“We’re going to have to see what happens over these 90 days,” said Tom Martin, senior portfolio manager at Globalt Investments. “In the meantime, you’re not getting an increase in the tariffs, so that’s an interim positive.”

The encouraging development on trade helped extend a swift turnaround for the market, which notched its biggest weekly gain in nearly seven years last week after Fed Chairman Jerome Powell indicated the central bank might consider a pause in rate hikes next year while it gauges the impact of its credit tightening program.

Technology stocks, automakers, retailers and industrial companies accounted for much of the market’s gains Monday, offsetting losses in household goods makers. Energy stocks also climbed as U.S. crude oil prices rose sharply.

U.S. traders observed a moment of silence before markets opened Monday in honor of former President George H.W. Bush, who died Friday at 94. The New York Stock Exchange and Nasdaq said they will close trading Wednesday in observance of a national day of mourning for Bush. The federal government will also be closed.

The S&P 500 index climbed 30.20 points, or 1.1 percent, to 2,790.37. The benchmark index vaulted 4.9 percent last week. The Dow Jones Industrial Average jumped 287.97 points, or 1.1 percent, to 25,826.43. The average was up as much as 441 points earlier.

The Nasdaq composite rose 110.98 points, or 1.5 percent, to 7,441.51. The Russell 2000 index of smaller-company stocks picked up 15.69 points, or 1 percent, to 1,548.96.

Markets in Europe also finished higher. Germany’s DAX gained 1.8 percent, while France’s CAC 40 rose 1 percent. Britain’s FTSE 100 added 1.2 percent.

After a steep decline in October, U.S. stocks steadied in early November. But the selling picked up again as investors abandoned high-flying technology stocks amid concerns over the U.S.-China trade tussle and slowing global economic growth and bailed on energy stocks as the price of oil plummeted.

Presidents Trump and Xi of China met at the G-20 summit over the weekend and agreed to a cease-fire, lasting for at least 90 days, to allow time to smooth out a dispute over Chinese technology policies that the U.S. and other trading partners consider predatory.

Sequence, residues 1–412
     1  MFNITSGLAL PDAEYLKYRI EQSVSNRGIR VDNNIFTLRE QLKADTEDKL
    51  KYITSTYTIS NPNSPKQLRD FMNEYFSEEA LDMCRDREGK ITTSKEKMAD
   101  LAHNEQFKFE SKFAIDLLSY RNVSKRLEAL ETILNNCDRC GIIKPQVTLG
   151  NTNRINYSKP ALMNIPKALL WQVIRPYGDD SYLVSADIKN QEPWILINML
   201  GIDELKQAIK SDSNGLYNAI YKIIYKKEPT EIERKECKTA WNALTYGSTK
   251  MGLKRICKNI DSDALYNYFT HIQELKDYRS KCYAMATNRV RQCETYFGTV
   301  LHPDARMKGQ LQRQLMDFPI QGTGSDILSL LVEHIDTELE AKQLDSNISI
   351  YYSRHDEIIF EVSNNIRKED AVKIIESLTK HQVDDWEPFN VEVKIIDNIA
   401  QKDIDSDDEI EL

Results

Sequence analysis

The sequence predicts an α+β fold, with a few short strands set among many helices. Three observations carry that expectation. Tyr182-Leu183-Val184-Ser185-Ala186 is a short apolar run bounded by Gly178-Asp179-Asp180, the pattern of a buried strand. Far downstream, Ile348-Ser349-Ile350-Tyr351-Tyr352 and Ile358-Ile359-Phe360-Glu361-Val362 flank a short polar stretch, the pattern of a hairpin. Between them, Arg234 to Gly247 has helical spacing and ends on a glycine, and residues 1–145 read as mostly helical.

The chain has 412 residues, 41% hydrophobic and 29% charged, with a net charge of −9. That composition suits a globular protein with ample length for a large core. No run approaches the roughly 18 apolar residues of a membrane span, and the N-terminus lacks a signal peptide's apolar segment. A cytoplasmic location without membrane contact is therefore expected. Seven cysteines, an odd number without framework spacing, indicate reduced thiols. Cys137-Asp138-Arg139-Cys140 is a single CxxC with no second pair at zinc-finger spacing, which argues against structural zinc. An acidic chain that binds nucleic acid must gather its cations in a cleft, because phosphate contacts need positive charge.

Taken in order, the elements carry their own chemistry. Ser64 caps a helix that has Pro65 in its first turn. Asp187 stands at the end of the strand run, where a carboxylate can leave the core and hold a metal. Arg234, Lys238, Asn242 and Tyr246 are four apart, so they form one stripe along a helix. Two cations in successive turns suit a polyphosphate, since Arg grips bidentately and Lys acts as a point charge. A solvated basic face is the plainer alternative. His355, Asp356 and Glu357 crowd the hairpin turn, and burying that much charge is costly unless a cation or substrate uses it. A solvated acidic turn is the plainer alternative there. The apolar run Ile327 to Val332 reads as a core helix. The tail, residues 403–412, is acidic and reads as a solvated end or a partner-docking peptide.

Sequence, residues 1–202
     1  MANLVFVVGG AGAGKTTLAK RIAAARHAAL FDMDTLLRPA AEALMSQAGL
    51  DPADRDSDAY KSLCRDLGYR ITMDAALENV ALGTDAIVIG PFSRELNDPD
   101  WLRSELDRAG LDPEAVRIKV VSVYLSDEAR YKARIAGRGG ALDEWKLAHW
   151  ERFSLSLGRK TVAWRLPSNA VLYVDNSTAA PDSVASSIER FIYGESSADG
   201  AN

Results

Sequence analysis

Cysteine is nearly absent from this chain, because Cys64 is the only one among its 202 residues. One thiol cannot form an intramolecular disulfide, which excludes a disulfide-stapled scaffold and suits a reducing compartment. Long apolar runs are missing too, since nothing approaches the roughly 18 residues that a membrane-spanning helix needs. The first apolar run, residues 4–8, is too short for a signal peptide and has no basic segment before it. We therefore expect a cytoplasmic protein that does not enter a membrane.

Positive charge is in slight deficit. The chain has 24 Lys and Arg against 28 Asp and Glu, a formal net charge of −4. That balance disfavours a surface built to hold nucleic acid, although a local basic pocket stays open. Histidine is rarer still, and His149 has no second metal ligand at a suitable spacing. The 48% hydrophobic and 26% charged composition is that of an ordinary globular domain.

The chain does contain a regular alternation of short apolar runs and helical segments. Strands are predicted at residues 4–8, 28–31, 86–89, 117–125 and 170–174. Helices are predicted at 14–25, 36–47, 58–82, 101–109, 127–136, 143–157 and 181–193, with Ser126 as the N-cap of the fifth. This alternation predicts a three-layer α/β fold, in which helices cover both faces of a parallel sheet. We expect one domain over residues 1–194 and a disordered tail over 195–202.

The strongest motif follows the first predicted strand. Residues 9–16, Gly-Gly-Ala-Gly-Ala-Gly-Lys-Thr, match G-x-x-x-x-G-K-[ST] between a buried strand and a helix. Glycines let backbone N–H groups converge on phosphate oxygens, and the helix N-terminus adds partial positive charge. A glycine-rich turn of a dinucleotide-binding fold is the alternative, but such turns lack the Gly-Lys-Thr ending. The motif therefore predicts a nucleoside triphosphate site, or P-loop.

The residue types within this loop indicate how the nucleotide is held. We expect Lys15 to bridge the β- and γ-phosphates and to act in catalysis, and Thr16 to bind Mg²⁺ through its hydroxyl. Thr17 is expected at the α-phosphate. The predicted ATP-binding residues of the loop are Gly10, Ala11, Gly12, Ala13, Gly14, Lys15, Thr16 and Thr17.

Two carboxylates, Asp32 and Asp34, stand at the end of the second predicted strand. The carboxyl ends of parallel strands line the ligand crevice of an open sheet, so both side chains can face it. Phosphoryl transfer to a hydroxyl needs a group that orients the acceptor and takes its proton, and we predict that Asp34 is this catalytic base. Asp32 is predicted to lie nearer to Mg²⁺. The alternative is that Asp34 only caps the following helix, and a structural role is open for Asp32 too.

Trump agreed to hold off on plans to raise tariffs on $200 billion in Chinese goods, which were supposed to kick in on Jan. 1. In return, Xi agreed to buy a “very substantial amount” of agricultural, energy and industrial products from the U.S. to reduce its large trade deficit with China, the White House said.

The U.S. had announced tariffs on $250 billion in Chinese imports this year, with the tax rate on many products set to rise Jan. 1, while China put new taxes on $110 billion in U.S. goods.

While the truce has the potential to steady markets through the end of the year, the countries still need to hammer out a lasting trade deal.

“Three months is not a very long time to achieve this so there are naturally plenty of skeptics out there, but this is a rare piece of good news in a conflict that has yet to produce any,” said Craig Erlam, senior market analyst at OANDA.

Still, Beijing gave no sign Monday of a changed stance on technology ambitions Washington says violate Chinese market-opening obligations and might threaten U.S. industrial leadership.

Trump’s complaints strike at the heart of the ruling Communist Party’s state-led economic model and plans to restore China to its rightful place as a political and culture leader by creating global champions in robotics and other fields.

“It’s impossible for China to cancel its industry policies or major industry and technology development plans,” said economist Cui Fan of the University of International Business and Economics in Beijing.

Late Sunday, Trump said on Twitter that Beijing also agreed to cut import duties on U.S. autos. There was no Chinese confirmation of the move, which would have little impact on trade because most American vehicles sold in China are made here.

Treasury Secretary Steven Mnuchin told reporters at the White House Monday there was an “an immediate focus on reducing auto tariffs,” though he did not provide details or timing. Asked if there was a specific agreement to remove the tariffs, he said: “Yes, there was.”

Yet Larry Kudlow, the top White House economic adviser, later Monday said that “We don’t yet have a specific agreement on that,” referring to the auto tariffs.

“But I will just tell you as an involved participant we expect those tariffs to go to zero,” Kudlow added in a conference call with reporters.